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Your next PC might only work with Windows 10

Your next PC might only work with Windows 10

If you've been following Microsoft's attempts to get the world upgraded to Windows 10, it's hard not to see Microsoft as something of a villain. From nagging users endlessly to upgrade to actually downloading Windows 10 files to computers without permission, it's just been one thing after another.

The latest news probably isn't going to help. Microsoft has announced that going forward it will only support Windows 10 on new computer hardware. That sounds bad, and the actual specifics are a bit confusing, so let's take a look at what this means for you.

Before we talk about that, however, let's quickly clear up what it doesn't mean. Windows 10 will still continue to work on older hardware, and you can keep using whatever version of Windows you have on your current computer.

Where things will change is if you buy a new computer or upgrade the processor in your existing computer. If you want to install Windows 7 or 8.1 with the new hardware, you could run into problems.

That's because when Intel, AMD or any other chip manufacturer comes out with new processors, they often have new or upgraded features. Microsoft then has to write software to make Windows work correctly with those features.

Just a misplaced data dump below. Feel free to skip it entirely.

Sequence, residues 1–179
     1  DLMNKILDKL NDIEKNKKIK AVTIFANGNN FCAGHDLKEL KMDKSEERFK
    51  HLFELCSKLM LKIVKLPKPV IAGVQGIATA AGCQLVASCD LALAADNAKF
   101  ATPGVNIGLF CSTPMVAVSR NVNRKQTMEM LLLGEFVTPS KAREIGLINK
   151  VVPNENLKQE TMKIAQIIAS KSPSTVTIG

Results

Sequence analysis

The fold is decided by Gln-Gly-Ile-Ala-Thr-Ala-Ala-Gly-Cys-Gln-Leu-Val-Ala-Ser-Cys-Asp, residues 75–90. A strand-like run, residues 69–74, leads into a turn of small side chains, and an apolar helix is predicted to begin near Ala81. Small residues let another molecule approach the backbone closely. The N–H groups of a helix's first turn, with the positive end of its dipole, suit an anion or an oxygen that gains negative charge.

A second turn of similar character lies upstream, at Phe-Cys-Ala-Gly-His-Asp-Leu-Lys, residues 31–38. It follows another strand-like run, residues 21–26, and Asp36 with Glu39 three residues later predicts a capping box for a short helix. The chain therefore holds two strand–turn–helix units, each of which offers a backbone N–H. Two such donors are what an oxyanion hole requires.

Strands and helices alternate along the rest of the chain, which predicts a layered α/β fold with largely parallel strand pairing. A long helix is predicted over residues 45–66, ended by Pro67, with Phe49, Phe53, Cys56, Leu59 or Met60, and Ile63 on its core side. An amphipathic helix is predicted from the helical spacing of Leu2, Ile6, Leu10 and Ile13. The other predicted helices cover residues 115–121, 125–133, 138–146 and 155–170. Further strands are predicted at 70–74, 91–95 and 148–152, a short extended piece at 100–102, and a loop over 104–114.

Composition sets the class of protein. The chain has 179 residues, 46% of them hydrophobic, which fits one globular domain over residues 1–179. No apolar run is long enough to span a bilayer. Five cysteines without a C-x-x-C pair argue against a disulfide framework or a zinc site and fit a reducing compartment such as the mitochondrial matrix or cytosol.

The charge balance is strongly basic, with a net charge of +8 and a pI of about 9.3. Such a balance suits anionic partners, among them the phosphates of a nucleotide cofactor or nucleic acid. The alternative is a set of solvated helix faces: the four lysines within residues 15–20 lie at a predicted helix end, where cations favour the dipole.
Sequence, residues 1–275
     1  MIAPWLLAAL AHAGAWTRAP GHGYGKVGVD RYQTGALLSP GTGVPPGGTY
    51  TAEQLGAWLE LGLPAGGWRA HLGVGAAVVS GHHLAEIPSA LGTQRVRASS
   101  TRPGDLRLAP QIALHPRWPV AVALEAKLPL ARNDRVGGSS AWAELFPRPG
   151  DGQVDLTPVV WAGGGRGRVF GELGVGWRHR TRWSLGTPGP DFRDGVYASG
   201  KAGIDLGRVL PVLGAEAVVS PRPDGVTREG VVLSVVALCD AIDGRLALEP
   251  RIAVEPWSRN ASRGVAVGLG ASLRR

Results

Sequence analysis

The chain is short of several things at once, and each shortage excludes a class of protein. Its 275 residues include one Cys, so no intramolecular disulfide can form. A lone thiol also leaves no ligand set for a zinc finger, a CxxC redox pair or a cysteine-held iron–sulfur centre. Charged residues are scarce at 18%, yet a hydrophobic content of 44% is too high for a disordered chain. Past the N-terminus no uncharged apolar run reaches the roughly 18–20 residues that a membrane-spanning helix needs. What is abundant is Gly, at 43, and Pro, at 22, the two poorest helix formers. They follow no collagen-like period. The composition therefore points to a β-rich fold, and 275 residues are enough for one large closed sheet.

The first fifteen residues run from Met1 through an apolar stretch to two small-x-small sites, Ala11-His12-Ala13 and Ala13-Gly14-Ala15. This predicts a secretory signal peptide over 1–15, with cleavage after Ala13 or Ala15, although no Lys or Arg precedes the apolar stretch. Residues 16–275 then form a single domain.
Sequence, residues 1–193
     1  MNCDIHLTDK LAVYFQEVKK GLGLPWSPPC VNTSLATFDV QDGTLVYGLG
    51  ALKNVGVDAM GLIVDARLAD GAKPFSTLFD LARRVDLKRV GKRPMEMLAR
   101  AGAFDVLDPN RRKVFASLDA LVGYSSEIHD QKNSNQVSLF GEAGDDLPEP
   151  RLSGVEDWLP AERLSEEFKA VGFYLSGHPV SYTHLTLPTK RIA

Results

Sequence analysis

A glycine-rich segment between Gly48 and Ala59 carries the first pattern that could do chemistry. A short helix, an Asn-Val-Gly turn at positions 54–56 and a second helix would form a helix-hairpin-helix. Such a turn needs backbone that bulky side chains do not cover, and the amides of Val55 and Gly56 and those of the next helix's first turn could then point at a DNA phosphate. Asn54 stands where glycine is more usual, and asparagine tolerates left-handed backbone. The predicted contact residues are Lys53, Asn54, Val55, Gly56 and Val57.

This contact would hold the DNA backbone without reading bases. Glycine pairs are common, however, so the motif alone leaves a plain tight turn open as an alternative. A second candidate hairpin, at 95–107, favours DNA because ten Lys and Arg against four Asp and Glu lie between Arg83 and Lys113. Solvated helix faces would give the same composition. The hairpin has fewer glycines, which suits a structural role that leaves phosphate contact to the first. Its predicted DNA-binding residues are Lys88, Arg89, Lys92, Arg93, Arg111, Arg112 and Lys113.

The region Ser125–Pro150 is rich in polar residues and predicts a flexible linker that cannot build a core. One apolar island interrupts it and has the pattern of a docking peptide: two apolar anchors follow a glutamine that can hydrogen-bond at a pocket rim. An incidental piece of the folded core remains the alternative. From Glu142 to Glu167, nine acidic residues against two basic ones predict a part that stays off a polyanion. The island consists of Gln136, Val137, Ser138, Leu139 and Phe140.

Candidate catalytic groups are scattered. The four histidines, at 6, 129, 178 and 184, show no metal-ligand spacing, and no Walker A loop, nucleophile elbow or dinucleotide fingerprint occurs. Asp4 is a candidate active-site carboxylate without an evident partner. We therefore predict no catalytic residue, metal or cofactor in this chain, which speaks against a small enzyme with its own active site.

According to Microsoft, this is getting harder to do with Windows 7 because it's so old. In its blog post explaining the decision, Microsoft points out that Windows 7 came out before a lot of modern advancements in processors, such as on-die graphics or advanced per-core power management.

To get these features working, Microsoft has to create software that translates what Windows 7 is expecting with what the processor can actually do. Not only does this slow things down, it can introduce new glitches. Even Windows 8.1 is starting to lag behind on some of the latest processor developments.

That's why Microsoft has decided to just concentrate on making Windows 10 work as well as it can with newer hardware, and ignoring earlier versions of Windows. So, when does this changeover take effect, and what happens if you install Windows 7 or 8.1 on newer hardware anyway?

Next page: The details you need to know
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